Exclusive: Blystone Whistleblower’s Attorney Ridicules Blystone’s Suit to Have Court Dismiss Complaint

 

The attorney for Sarah Chambers, the whistleblower, and former co-campaign manager for Joseph K. Blystone’s gubernatorial campaign, told The Ohio Star Blystone’s lawsuit filed Tuesday asking the court to order the Ohio Elections Commission to dismiss Chambers’ October 28, 51-page complaint against him is a futile and desperate exercise.

“The old saying is, if the facts are on your side, you pound the facts. If the law’s on your side, you pound the law. If neither the facts nor the law is on your side, you pound the table,” said Scott A. Pullins, the Mount Vernon lawyer, who has for many years represented candidates, campaigns and political action committees.

“Joe and his attorney clearly are pounding the table. His poor attorney’s got a bad client and a bad case,” he said.

Pullins said the procedural and technical problems that Blystone cites as reasons for the Ohio Elections Commission have nothing to do with the complaint’s substance, which alleges with several examples of how Blystone mishandled cash contributions.

“This complaint was initially filed pro se. There were some minor errors in it, but that’s certainly not enough for the commission to throw it out,” he said. “In fact, the commission has the authority if they think it’s procedurally defective, they could send it back to us and say: ‘Hey, file an amended complaint and clear those up,’”

Chambers first filed the complaint pro se, which means that she did it independently without a lawyer. However, shortly after she filed, Pullins made a court appearance and became her counsel of record.

The Chambers complaint names Blystone, his wife, and campaign treasurer M. Jane Blystone and the campaign committee Friends of Joe as respondents.

“He had his attorney file on the Franklin County Common Police Court what’s called a complaint for a writ of mandamus, and what that is, is he’s actually suing the Ohio Elections Commission and requesting a court order for them to dismiss the complaint that they’ve already found probable cause for,” he said.

Pullins said if the commissioners found faults with the complaint, they would have been addressed them at the preliminary hearing.

“It’s even specifically in their rules; if the defects are serious enough, they can send it back and have me amend the complaint,” he said.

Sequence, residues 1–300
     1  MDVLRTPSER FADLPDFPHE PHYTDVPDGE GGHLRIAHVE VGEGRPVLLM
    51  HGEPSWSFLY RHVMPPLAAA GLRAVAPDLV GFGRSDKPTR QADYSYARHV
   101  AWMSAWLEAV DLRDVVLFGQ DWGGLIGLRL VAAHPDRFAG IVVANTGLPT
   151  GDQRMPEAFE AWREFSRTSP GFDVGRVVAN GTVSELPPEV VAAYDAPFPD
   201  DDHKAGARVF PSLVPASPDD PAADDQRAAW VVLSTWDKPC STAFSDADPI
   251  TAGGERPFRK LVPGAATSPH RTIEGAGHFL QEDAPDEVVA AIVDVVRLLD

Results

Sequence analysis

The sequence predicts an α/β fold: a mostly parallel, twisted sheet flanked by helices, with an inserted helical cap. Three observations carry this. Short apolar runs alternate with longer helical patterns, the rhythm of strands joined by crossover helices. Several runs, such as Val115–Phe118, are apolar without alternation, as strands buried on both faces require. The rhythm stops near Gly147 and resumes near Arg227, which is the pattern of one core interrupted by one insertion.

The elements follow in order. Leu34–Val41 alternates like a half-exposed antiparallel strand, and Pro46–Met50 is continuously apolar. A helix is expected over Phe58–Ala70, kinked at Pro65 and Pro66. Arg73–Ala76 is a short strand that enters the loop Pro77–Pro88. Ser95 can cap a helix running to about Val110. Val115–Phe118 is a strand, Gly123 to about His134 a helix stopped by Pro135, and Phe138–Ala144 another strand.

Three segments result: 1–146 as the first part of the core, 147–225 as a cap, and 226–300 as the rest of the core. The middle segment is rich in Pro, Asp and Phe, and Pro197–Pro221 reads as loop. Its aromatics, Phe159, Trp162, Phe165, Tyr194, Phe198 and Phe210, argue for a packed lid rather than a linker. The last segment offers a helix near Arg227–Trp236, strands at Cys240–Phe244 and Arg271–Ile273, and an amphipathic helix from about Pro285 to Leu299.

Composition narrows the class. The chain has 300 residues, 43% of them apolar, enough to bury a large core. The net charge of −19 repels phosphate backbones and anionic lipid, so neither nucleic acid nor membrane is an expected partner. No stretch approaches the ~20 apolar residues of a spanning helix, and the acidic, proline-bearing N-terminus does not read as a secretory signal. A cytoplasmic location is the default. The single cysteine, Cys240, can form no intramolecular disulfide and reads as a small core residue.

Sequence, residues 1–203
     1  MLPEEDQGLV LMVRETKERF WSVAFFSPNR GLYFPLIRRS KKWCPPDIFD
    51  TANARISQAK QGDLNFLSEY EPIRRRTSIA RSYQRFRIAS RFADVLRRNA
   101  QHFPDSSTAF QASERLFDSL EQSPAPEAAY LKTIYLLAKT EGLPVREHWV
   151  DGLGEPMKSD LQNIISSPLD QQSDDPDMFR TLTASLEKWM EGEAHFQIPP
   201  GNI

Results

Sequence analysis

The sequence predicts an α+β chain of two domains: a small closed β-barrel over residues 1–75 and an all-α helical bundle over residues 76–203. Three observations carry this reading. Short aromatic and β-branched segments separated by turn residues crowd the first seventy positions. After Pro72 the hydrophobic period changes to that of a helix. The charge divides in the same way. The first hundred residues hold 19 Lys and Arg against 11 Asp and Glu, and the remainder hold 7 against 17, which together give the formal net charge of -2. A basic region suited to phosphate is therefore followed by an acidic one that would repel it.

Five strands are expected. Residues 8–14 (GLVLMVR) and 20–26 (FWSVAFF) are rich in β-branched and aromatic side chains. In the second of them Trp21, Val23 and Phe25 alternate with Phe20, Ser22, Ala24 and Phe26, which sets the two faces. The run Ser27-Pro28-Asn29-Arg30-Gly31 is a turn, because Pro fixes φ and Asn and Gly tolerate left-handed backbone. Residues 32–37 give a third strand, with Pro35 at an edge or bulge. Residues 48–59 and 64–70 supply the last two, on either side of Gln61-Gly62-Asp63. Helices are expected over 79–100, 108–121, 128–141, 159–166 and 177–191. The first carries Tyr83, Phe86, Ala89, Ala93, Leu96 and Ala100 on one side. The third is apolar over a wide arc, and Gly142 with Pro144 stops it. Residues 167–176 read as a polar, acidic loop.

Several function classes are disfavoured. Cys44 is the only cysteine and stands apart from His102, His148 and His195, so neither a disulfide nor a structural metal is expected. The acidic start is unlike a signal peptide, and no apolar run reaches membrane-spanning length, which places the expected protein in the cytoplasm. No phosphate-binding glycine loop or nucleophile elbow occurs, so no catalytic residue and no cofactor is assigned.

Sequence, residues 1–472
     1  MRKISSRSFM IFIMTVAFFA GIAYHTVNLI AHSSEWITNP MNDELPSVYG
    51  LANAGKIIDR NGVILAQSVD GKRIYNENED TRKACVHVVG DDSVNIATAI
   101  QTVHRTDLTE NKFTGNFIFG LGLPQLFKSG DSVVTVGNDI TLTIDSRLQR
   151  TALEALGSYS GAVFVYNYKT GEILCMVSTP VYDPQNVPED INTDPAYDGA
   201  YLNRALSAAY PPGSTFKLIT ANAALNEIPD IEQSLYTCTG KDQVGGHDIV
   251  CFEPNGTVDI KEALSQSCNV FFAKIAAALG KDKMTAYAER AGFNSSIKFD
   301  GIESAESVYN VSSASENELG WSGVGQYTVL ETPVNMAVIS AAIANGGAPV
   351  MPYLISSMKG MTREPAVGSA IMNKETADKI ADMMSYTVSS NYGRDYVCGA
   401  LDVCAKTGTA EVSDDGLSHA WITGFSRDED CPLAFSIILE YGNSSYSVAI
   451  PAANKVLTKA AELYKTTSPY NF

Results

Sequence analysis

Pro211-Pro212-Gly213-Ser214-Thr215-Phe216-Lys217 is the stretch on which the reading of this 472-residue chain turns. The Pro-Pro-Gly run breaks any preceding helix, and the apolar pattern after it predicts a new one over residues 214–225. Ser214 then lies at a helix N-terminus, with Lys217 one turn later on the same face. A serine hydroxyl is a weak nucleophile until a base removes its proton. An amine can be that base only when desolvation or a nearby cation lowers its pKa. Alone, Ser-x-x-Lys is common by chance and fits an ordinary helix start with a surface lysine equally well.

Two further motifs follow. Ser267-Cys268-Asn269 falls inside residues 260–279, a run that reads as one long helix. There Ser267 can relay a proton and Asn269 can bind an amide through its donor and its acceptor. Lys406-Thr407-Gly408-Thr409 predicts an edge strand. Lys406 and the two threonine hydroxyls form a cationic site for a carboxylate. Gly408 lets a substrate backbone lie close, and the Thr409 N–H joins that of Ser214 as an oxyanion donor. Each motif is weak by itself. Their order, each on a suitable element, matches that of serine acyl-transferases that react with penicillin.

“The commission is used to seeing pro se complainants,” he said. “They’re really concerned about the merits, the evidence of what happened versus some arcane little minor procedural defect.”

Commissioners voted 7-0, at their December 16 preliminary hearing on the complaint, to proceed to a full hearing on it, after rejecting Blystone’s request for the commissioners to dismiss the Chambers complaint.

Pullins said the Blystone suit has no merit.

“It’s really kind of desperation tactics because these issues have been litigated many times over the years,” he said.

“He wants to avoid that process, like his motion to dismiss; it’s all based upon procedural defects and technicalities,” he said. “He has not yet denied any of the allegations to speak of, and he really can’t deny the allegations because we think they’re absolutely true.”

On the Chambers side of the case, Blystone, his wife and the committee have until the close of business February 3 to comply with Chambers’ discovery request made through the investigative authority of the commission.

“I really don’t expect them to respond, and I believe I’ll probably have to get an order from the commission to make them respond,” Pullins said.

No date has been set for the full hearing on the Chambers complaint.

Read the document:

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Neil W. McCabe is the national political editor of The Star News Network. Send him news tips: [email protected] Follow him on Twitter: @neilwmccabe2.
Photo “Joe Blystone” by Blystone for Governor of Ohio.

 

 

 

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